John C. Tully

Sterling Professor of Chemistry and Professor of Physics and Applied Physics

John C. TullyJohn Tully, B.S. 1964 Yale University, Ph.D. University of Chicago, faculty member at Yale since 1996: Your ability to identify simple rules that control the complex pathways of chemical change has kept you at the forefront of theoretical chemistry for decades. You created “Surface Hopping,” a theoretical chemist’s power tool that cuts through once-feared “non-adiabatic” processes like a chain saw. And you exploited it with surgical precision to dissect how chemical reactions occur at metal surfaces, a regime of great practical importance. Your talents were quickly recognized at the insanely competitive Bell Laboratories environment in the 1980s, where you mentored many of the nation’s top scientists as head (in succession) of the Physical Chemistry and Materials departments.

Your trajectory as a Yalie in itself has been quite a story. Starting out as an undergraduate in 1960 with less than stellar study habits (by your own account) and an interest in IM sports, you and a friend earned temporary suspensions for an alleged incident having to do with water balloons and the 1961 St. Patrick’s Day parade. You retire now, forty-four years later, as a Sterling Professor. Excom, take note!

Who would have guessed that your Davenport suitemate, Jim Rogers, would turn up years later as the “Investment Biker” financial tycoon? And we do appreciate your not holding a grudge about the C+ you mistakenly received in thermodynamics due to an uncorrected (even now!) clerical error. To the contrary, you held no grudges and maintained close ties with Yale throughout your journey. The first recursion involved more chance than design when the lab at which you were carrying out postdoctoral work in Colorado moved here during your tenure. And then in 1996 you joined the faculty at Yale, where, with your help, we now have the Yale Center for Research on Interface Structures and Phenomena (CRISP), and where your advanced courses in quantum mechanics and statistical mechanics stand above the rest, due to your clear explanations of nuanced ideas inaccessible to most.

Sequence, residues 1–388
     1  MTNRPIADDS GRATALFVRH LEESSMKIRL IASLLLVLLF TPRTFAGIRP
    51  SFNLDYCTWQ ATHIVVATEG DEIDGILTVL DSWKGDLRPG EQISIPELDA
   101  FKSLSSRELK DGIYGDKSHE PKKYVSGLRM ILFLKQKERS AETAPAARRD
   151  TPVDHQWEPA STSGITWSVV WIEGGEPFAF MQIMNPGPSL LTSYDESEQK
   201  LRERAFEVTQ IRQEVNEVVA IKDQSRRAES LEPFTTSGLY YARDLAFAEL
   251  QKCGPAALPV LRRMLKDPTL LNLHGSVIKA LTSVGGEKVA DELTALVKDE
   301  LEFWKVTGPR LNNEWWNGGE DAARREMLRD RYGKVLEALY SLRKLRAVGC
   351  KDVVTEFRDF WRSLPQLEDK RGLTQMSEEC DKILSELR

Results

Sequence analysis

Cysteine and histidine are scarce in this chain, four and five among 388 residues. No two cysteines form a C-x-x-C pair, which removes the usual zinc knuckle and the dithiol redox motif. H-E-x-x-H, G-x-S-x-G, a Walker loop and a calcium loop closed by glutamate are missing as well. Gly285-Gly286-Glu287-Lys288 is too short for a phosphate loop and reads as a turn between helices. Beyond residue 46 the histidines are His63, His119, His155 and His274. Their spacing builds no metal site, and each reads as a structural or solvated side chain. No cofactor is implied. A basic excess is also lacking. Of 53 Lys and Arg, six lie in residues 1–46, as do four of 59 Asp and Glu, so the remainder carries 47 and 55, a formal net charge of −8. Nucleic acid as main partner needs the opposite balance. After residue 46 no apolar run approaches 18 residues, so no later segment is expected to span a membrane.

We are grateful that you returned to your alma mater to provide a confident voice in crafting a vibrant and forward-looking role for physical chemistry in the rapidly changing landscape of contemporary science. And we thank you for reminding all of us that young people grow and develop and that any undergraduate caught doing hijinks might well be a future intellectual star. As you retire from the college where you started many years ago, your proud colleagues hope that you will continue to hop at the top of your game, wherever the surfaces may take you.

Tribute Editor: Penelope Laurans